That about sums it up for 2015. I like setting New Year’s goals, despite not always being able to meet them. Here’s what I’m planning for 2016:

– Number one goal this year is to complete my first novel. I’ve always wanted to have at least one under my belt before hitting 40, and time is fast running out!

– Further to the previous goal, I plan to focus on my writing this year, rather than sacrificing it for apps. This includes both writing more stories and substantially ramping up submissions.

– I plan to continue my usual exercise routine. It gets tougher with age, but the benefits are too great to pass up.

– I’d like to release my new shoot-em-up game on iOS, Mac, and Apple TV. I’ve spent a bunch of time on the prototype, and I’d hate for all that effort to go to waste.

So, that’s it for another year. I hope 2015 treated you well, and best wishes for the New Year!

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2014 Retrospective

Since we’re practically on the doorstep of 2015, it’s time for my traditional year-end post.

On the whole, 2014 was a pretty decent year for me. There was the usual work overtime madness and general stress, more car expenses, and paying completely out of pocket for last year’s medical issues, but other than all that, I personally didn’t have too much to complain about.

This year was a hard one for fans of genre fiction, with the tragic loss of two superb writers who passed long before their time, due to cancer. I’m referring to Jay Lake and Eugie Foster, though there were others not on my radar.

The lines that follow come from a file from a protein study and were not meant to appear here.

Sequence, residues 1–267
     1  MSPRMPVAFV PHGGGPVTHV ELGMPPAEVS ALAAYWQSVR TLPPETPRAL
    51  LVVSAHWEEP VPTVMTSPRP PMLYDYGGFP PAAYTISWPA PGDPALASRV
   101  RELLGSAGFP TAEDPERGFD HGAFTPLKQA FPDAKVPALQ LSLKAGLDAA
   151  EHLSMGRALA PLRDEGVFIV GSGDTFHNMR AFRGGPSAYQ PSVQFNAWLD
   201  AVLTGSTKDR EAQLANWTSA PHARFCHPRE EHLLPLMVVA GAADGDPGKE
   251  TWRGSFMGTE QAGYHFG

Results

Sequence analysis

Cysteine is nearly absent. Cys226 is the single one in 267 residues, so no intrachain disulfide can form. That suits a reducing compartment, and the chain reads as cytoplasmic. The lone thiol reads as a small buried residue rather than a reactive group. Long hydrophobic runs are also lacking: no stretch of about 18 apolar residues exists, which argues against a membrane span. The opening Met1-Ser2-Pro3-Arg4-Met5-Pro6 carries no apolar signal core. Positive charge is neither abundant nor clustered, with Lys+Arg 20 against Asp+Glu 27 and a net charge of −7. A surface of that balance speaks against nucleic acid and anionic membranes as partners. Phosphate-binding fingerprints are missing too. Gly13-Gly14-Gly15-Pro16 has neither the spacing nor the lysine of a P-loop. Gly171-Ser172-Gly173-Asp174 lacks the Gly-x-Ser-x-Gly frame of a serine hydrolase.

I’d followed Jay’s career since the early days, circa 2003. I consider him a mentor in my writing, as well as a fine upstanding human being. I only met him once (at Wiscon in 2006), but loved trying to keep up with his prolific output of short stories, and eagerly followed his writing process blog posts and news of his new novels. He was always willing to help and educate others, specifically other writers. He also grimly documented every detail in his battle with cancer, and successfully raised enough funds from a crowdfunding campaign to sequence his genome. The world is poorer for his loss, but I suspect in the years ahead his contributions will become more widely noticed.

While I’d never met Eugie, I’ve been following her work for 5 years or so, primarily podcasts of her short fiction. It was quite a shock to learn of her passing, since she was so young. If you haven’t yet checked out any of her work, please visit her website and start exploring her bibliography.